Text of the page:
Mantalingajan Traverse: Day Three

This was the day hell (and tear ducts) broke loose. But first let me tell you about The Tale of The Amazing Corned Beef Guisado otherwise known as Fred’s comeback moment. We had a little campsite drama on Day Two which involved my temper, his ego and a 24-minute delay that was made a bigger deal than it should’ve been.

0330H Wake-up call
I was still coaxing myself out of sleep when I heard pots and pans clanging outside. Fred was the assigned cook for breakfast that day and he obviously took this duty seriously by sautéing garlic in the dead of night. In no time at all, the corned beef guisado was done and breakfast was ready. We didn’t have the best morning the previous day and this was his way of redeeming himself. I was amused and grateful to have someone who would make breakfast at 3am just to make things right. Who would’ve thought a pan of sautéed corned beef could restore order in the universe.

0520H Start summit assault
We wanted to do the summit assault early to get better chance of a clearing and to have a good head start for the traverse trek later that day. We succeeded in the latter but failed miserably in the former. Tropical Depression Crising was about to hit southern Palawan and the weather was dreadful. It was drizzling the whole night and the winds were getting stronger.

If I had to do it again, I wouldn’t risk going on a summit assault in the dark especially in such an awful weather condition.

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The trek started with a tough ascent on slippery boulders and bonsai trees. We passed by open trails that, we didn’t realize until later, were actually steep ravines. It was nerve-wracking to watch Fred struggling to keep his balance. He lent his headlamp to Binoy, our guide, so he was mostly scrambling in the dark. Whenever Jet fell behind, I’d get paranoid that he might’ve been devoured by a snake (he was mostly taking photos or adjusting the knot on his water bottle). I hate doing night treks and on a trail like this, trekking in the dark was maddening. I was such a nervous wreck that I came very close to calling it off and making everyone head back to the campsite.

We got a break from bouldering when we entered a dense mossy forest. It looked a little like the forests of Kalatungan but the trees here were much smaller and the ground was made up of moss-covered rocks.

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By daybreak, we emerged from the forest and into a stunning landscape of bonsai trees. It was beautiful; overcast skies and bad weather notwithstanding.

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Viewed from afar, the terrain looked flat and deceptively easy. In reality, the summit trek was all bouldering and walking on a canopy of stunted trees while carefully avoiding deep cavities in between rocks. There was no trail whatsoever so you’d have to figure out where to place your foot with each step.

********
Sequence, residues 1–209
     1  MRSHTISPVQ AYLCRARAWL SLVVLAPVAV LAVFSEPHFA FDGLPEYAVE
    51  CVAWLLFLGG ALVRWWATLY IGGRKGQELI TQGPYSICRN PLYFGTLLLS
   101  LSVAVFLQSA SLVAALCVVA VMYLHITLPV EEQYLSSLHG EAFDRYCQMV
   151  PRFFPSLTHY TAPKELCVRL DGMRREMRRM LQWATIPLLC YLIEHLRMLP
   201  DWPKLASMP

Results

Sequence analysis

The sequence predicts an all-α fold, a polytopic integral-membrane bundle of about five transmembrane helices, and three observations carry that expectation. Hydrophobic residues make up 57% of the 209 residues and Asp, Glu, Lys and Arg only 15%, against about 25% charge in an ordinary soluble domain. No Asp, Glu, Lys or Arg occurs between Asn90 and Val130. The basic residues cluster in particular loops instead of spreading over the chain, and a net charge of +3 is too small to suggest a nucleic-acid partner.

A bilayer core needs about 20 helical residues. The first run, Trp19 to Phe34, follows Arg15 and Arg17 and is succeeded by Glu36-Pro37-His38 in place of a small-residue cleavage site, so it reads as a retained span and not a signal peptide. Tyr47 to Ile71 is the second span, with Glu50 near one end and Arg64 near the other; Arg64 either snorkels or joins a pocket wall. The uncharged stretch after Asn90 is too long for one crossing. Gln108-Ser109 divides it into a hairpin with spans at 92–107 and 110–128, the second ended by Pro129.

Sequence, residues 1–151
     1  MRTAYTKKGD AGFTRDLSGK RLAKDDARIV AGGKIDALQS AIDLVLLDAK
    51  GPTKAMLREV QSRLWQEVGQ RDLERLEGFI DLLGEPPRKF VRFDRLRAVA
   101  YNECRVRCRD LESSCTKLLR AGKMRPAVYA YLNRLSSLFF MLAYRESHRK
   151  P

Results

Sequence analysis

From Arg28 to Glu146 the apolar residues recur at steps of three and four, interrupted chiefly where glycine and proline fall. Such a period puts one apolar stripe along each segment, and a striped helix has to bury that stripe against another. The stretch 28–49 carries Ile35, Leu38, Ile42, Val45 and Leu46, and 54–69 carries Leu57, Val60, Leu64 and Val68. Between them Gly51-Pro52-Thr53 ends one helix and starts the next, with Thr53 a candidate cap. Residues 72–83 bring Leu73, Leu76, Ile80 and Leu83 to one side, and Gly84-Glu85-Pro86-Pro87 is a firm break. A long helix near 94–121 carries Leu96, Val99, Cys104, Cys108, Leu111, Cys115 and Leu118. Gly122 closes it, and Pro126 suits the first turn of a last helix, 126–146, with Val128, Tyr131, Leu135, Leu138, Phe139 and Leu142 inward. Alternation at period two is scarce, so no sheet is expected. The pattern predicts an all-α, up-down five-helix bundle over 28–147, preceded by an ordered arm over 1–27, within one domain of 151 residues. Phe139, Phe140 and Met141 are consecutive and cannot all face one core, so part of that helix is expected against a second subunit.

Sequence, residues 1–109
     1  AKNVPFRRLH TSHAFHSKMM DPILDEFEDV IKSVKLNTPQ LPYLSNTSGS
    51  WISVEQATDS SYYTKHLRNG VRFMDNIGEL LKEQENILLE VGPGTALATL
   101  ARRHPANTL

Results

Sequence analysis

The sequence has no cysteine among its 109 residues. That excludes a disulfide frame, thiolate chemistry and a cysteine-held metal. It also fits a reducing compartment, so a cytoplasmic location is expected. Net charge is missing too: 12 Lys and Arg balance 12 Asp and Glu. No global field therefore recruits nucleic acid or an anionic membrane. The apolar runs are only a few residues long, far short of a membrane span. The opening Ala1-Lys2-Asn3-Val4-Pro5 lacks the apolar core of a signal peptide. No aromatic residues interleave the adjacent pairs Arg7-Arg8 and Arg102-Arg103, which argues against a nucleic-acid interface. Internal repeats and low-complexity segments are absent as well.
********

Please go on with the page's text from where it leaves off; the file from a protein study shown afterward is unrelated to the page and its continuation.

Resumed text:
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0745H Summit
After more than two hours of scrambling on rocks in the middle of a storm, we reached the summit of Mt. Mantalingajan.

And then we all cried. (The guys would probably forgive me for disclosing this, right?)

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This climb meant so much to us. We never saw ourselves as the “hardcore” types. It was not too long ago when all we ever wanted was to climb the Parrot’s Beak of Pico De Loro or bask in the view on the Rockies of Mt. Maculot (we still love doing those things, by the way). I couldn’t even keep a straight face whenever I’d try to call myself a “mountaineer.” I felt it was a title reserved for those who actually know what they’re doing when climbing a mountain. Most of the time, I was just blundering my way on the trail, surviving on sheer chutzpah and a whole lot of luck.

And then here we were, on the summit of one of the toughest mountains in the country. It was so amazing and surreal and overwhelming that I broke down and bawled my eyes out. Fred and Jet were more discreet with their tears because, you know, they were guys being guys.

This was by far our most fulfilling climb, never mind that we didn’t get to see any breathtaking views. A clearing would’ve been nice but even without it, we were beyond ecstatic just to reach the peak of Mantalingajan.

0806H Descent
We couldn’t stay long on the summit though. The gusts were getting stronger, we were drenched and shivering, and there was nothing to see. Everything was covered in thick fog.

We caught glimpses of what would’ve been a picturesque panorama as we made our way down but Manta’s gorgeous views remained largely hidden from us.

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1010H Paray-Paray campsite, lunch, break camp
Rest was not an option when we got back to Paray-Paray. We had lunch, cooked rice for dinner (cooking rice one meal in advance turned out to be an effective time-saving practice), and packed up. It was a long and difficult trek to the next campsite.

1154H Start trek
From here on out, we have no more photos. So we could just be making it all up and you’d be none the wiser. We also wish we just made it up but unfortunately, we really did go through with this hell of a trek.

The trail, and I use this term very loosely, to Lapong started with a steep descent on rocky terrain. The forest became denser as we went further, and then we got to this mossy, all-boulders-and-no-soil underworld that was completely devoid of stable ground.

For more than an hour, we balanced precariously on moss-covered logs and boulders. In between those logs and boulders were deep chasms which could either be snake dens or entry points into Hades. Every step was a painful puzzle to solve and every move was a calculated risk. There were tree branches to hold on to in some parts while at other times, we only had flimsy (and mostly thorny) vines and shrubs for handholds. When we got really unlucky, the branch we clung to or stepped on turned out to be dead and broke off without warning, which was not good.